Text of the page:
A profile of the object's flight path for the period appropriate to the hypothetical model is shown in the lower part of Figure 3. It shows the cumulative distance flown by the object against its altitude above ground level (agl). When compared to the profile plotted on the basis of the range data shown in the footage (Figure 3 upper) the results are significantly different. In my view, the hypothetical plot is probably a more accurate representation of the object's flight profile.
Over the course of the hypothetical plot (2 minutes and 8 seconds) the object climbs from an altitude of 1226ft agl to a maximum altitude of 10,617ft agl, giving an average rate of climb of 4,402 feet per minute. The object climbs for much of the time, appearing to reach a 'target' altitude of around 10,000 ft agl before levelling off.
The prominent 'bump' in the profile at 23:22:41 may be a genuine movement on the object's part (this is when it leaps out of shot as it turns to face the camera) or it could be a result of the camera attempting to keep the object in view. Irregular 'bumps' in the profile beyond this point are primarily artefacts of the method used to determine the azimuth and elevation from the television screen. A 'line of best fit' across the profile after 23:22:43 shows a slight climbing trend.
The flight profile was divided into sections so that the object's rate of climb and velocity could be determined in each case. The rate of climb varies considerably throughout the profile. The highest rate of climb occurs in the four seconds after 23:21:49, when the object attains a rate of 14,475 fpm. This is when the female radar controller on the soundtrack is heard to say "[It's] goin', like…straight up!" The ground speed and air speed are found to be reasonably consistent throughout. The average ground speed across the entire profile is 189 knots, and the average airspeed is 200 knots. During the accurate stretch of range data (i.e. between 23:21:08 and 23:21:13) the object's speed is around 43 knots, explaining why the operators think it is "so slow" at that time. It accelerates gradually as it approaches the tracking station, but particularly so after it levels out after the climb at around 23:22:30. Its 'cruising' air speed probably lies between 173 and 207 knots. There is no clear evidence that the UFO achieves an exceptionally high speed at any point in the S-30 footage.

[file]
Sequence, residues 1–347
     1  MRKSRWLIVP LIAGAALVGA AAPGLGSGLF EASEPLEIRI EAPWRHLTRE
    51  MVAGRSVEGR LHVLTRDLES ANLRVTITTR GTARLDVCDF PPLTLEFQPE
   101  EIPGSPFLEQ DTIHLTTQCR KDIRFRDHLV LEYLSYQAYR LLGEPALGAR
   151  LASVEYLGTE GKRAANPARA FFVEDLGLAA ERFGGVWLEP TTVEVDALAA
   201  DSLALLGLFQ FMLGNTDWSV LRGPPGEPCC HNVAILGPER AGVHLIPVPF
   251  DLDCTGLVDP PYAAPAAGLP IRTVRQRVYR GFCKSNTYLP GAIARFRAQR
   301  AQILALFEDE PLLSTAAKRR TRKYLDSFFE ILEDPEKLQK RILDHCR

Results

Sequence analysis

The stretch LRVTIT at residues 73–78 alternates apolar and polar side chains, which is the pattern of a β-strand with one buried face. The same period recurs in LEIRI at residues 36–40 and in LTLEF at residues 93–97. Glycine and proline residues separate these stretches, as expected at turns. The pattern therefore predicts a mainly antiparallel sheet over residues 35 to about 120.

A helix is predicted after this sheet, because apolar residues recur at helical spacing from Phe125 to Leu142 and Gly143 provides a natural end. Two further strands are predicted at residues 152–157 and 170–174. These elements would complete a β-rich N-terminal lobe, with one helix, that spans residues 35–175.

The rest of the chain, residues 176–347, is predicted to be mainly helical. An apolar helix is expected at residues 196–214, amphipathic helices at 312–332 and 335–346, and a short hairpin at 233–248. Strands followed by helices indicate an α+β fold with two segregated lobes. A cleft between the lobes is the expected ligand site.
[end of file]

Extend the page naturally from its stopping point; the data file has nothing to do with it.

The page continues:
Any attempts to estimate the object's size are complicated because of the uncertainty of its distance throughout most of the S-30 footage. However, for the purposes of this exercise it is reasonable to assume that the range data is accurate when the object is between 12795m and 11705m from the tracking station. Since this occurs before the camera zooms in, and the width of one degree in azimuth is known, the object's height can be estimated by triangulation, and is found to be 8.7m ± 2.5. The object does not present a clear side or front view during the early period of the footage, so these dimensions were estimated from carefully selected still shots, using the height as a starting point. Its length was found to be 11.6m ± 3.5 and its width was 12.3m ± 3.7.
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Object Viewing Angle
Figure 6 (111 KB) is a scale plan of the object's ground track, according to the hypothetical model, as it passes the tracking station. For the sake of clarity the plan commences at 23:21:43, i.e. 35 seconds after the start of the hypothetical model. The plan also shows the direction in which the black frontal unit faces as the object moves forward (green arrows), based on a comparison of footage stills with the author's UFO model. This also gives some indication of how the object might deviate from the straight-line ground track hypothesis, if it were assumed that the object was moving continuously front forward.